What To Do About Changing Your Money

First of all, don’t use dollars down here



So you’re all packed and ready to go on your trip to Mexico and you have one last thing to do and that’s get some spending money, what now? North American travellers to Mexico have a number of choices as both US dollars (USD) and Mexican Pesos (MXP) are widely accepted; Canadian dollars (CAD) not so much.  For less experienced travellers it’s typically a last minute decision, sometimes not until they actually arrive at their destination. For experienced travellers it is more likely an early decision and one they will benefit from. The three main categories of people who each face progressively bigger decisions with respect to costs and potential savings are vacationers, seasonal renters and foreign homeowners. With a bit of knowledge everyone can make their hard earned cash go a little farther.

Firstly, it’s wiser to spend the local currency whenever possible and the more you will be spending the more important the currency decision. Using cash most of the time is convenient, easy and worry free. For Cabo, that means the peso.  All currencies fluctuate constantly and paying attention to posted rates can save you many dollars, whether Mexican, US or Canadian.  Paying attention for Americans is easier with just the USD/MXP exchange rate to consider. For Canadians, especially snowbirds, both the USD/CAD exchange rate as well as the MXP /CAD exchange rate will be a concern.

For the typical all inclusive vacationer, the package price was likely set in USD. Your currency choice for spending on arrival is where you will want to pay attention for the week you’re here.

For snowbirds and foreign home owners you need to pay attention for longer than a week and look forward in time.

More recently the MXP exchange rate with the USD or CAD has been trading on the currency markets in a relatively tight range with each USD dollar getting 18 to 21 MXP and each CAD dollar getting 14-16 MXP. The long term trend in both cases is to the upside, meaning a weakening peso, hence more pesos to each dollar.

The USD/ CAD exchange rate on the other hand is trending to a weaker CAD so buying USD is getting more expensive. The Canadian dollar is still regarded as a “petro currency” so it will be affected by the global price of oil and fluctuate accordingly.  In other words lower oil prices can further weaken the Canadian dollar relative to the US dollar, but not necessarily fewer pesos for a Canadian dollar.

The easiest way to see currency relationships yourself is to Google the specific exchange rate. I like to use www.investing.com. Go to the Forex tab, click on the currency pair you want to convert, and you will get the current exchange rate, charts and related news stories. Look at the monthly, weekly and daily charts for trends. Smart buyers accumulate the currency they will need by making multiple purchases over time and “average in” unless of course you see a spike in the chart that creates a short term opportunity in your favour to get what you need. Timing and patience can really pay off when you have the time and inclination to monitor it regularly.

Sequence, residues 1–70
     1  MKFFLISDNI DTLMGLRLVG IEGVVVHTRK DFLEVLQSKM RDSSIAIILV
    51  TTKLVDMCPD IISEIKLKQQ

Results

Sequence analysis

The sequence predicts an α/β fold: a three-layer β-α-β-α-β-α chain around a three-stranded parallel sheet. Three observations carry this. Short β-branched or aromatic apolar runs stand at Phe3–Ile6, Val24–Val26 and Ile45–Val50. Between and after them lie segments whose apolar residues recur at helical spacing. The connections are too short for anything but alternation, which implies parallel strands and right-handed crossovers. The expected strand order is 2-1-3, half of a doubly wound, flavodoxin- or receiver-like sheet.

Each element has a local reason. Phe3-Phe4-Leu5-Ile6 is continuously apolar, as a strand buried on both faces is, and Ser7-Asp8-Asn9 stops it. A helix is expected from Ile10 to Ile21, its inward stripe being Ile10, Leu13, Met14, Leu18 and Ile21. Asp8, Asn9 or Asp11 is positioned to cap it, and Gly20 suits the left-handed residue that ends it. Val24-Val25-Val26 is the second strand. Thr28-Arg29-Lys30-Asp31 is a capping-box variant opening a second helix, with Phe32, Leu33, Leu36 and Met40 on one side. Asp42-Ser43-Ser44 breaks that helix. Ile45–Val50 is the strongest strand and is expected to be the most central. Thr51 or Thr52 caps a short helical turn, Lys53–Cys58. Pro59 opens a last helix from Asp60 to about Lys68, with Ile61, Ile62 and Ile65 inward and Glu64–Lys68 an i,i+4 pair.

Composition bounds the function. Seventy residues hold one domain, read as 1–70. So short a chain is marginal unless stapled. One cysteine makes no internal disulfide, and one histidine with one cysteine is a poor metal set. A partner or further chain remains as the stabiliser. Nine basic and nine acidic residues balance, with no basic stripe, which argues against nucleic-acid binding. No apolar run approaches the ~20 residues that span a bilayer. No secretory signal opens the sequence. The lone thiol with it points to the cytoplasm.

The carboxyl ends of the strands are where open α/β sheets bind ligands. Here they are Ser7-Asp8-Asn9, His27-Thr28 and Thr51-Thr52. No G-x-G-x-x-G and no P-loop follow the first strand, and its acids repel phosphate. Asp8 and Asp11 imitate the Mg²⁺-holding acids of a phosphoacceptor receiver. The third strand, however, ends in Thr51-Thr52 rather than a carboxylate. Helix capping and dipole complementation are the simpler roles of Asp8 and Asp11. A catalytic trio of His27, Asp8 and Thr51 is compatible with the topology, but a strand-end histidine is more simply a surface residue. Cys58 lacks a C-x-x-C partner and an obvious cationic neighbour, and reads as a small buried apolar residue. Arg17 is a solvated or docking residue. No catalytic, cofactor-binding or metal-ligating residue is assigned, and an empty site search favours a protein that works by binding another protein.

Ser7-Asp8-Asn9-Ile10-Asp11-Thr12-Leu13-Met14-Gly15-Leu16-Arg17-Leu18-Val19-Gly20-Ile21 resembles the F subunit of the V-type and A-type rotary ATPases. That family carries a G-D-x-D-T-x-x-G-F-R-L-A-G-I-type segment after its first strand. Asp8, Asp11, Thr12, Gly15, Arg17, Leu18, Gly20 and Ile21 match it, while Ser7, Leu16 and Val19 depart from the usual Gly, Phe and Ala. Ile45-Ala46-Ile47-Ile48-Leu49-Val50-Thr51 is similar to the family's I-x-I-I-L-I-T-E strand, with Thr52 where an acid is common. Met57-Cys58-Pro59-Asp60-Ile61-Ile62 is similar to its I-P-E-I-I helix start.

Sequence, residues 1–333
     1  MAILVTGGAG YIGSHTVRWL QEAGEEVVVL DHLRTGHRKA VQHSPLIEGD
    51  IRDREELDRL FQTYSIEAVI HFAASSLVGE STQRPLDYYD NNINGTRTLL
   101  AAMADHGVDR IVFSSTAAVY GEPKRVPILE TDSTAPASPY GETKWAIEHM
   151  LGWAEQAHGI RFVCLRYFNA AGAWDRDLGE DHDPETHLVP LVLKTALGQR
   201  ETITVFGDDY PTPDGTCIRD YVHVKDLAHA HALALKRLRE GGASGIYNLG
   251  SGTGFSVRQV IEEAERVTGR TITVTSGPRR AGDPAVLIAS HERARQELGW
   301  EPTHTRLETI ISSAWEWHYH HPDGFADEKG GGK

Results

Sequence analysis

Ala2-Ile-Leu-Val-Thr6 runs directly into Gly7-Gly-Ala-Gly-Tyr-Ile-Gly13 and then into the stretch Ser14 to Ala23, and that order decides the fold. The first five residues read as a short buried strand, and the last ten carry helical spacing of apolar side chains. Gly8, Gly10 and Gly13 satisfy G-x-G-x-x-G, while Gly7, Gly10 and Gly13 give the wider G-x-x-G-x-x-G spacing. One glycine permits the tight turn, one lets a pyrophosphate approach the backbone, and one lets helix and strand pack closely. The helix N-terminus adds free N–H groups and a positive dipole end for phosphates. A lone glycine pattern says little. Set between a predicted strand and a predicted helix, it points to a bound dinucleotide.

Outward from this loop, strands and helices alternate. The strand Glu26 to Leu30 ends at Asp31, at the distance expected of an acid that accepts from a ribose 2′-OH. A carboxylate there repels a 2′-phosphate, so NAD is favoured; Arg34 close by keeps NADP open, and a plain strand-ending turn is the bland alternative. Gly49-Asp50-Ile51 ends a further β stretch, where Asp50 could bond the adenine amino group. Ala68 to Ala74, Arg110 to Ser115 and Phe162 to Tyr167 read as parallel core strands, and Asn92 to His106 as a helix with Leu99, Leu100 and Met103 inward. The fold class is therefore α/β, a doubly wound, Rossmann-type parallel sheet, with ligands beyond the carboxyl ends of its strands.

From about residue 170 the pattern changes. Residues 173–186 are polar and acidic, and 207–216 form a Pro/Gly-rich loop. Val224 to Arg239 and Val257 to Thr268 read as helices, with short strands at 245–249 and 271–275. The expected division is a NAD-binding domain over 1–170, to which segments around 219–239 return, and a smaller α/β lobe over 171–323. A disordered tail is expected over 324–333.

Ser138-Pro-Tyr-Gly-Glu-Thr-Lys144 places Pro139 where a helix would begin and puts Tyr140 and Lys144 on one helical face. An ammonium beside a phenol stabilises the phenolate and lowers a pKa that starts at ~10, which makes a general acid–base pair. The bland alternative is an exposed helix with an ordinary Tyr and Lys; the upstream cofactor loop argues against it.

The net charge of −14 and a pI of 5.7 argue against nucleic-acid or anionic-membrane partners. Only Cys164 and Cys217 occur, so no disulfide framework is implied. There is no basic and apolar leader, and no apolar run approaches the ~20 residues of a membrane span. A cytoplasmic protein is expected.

The terminology is also important to understand. Spot rate is the rate you see right now online. While this is the currency market quote, you won’t get spot when you transact. Commercial money changers, (banks or large businesses), take a cut known as the spread.  There is a built in spread whether you are buying or selling currencies which will be about 3% to 5% of the transaction. The closer you can transact to the spot rate, the lower the spread. This is where you pay attention to how many pesos you should be getting from a bank, a larger retailer, or your friendly local merchant. Local merchants have smart phones too and watch the exchange rate diligently and will gladly relieve you of your USD’s at a 15% spread or greater.

Alternatively, shopping at retailers or restaurants who accept credit cards in Mexico will often get you the best rate as major charge card companies will only build in a 2-3% spread.  But you need to be diligent, like anywhere else. Don’t let the card out of your sight and watch your statement closely for fraudulent transactions once you get home. Cash is safer.

For many years it was best to buy the local currency when you got to the country and avoid double handling commissions in your home country but banks operating in Mexico have wised up, so using your Interac card to get money from bank machines is no longer advantageous. In the past month I have tested a number of bank machines and have paid a spread of 5-7% as well as local and home bank service charges - that’s three levels of fees! Who ever said my banker was my friend.

For snowbirds spending thousands in Mexico it’s better to get the bulk of the currency before you come down and just top up your needs while you are here.  Pre-purchasing also locks in the rates and avoids any nasty surprises halfway through the season.

You also want to transact directly from your source currency to your intended spending currency.  I have seen Canadians go to the bank and get USD because they are coming to Mexico. They bring their USD down here and convert it to MXN and end up paying 10% or much more in total exchange rate spreads depending on how they use their USD here.  At a minimum, that’s an extra and avoidable $50 per $1000, ouch!

So doing a little homework and being a savvy traveller can save you hundreds of hard earned dollars. Wouldn’t you feel better giving a Mexican a big tip instead of having the bankers slide the money out from under you unaware?

Cam Renaud and his wife Eva Korpela are Canadian snowbirds and are both retired Chartered Financial Analysts and retired Chartered Professional Accountants. Cam writes and Eva edits. They have been coming to Mexico for 14 years.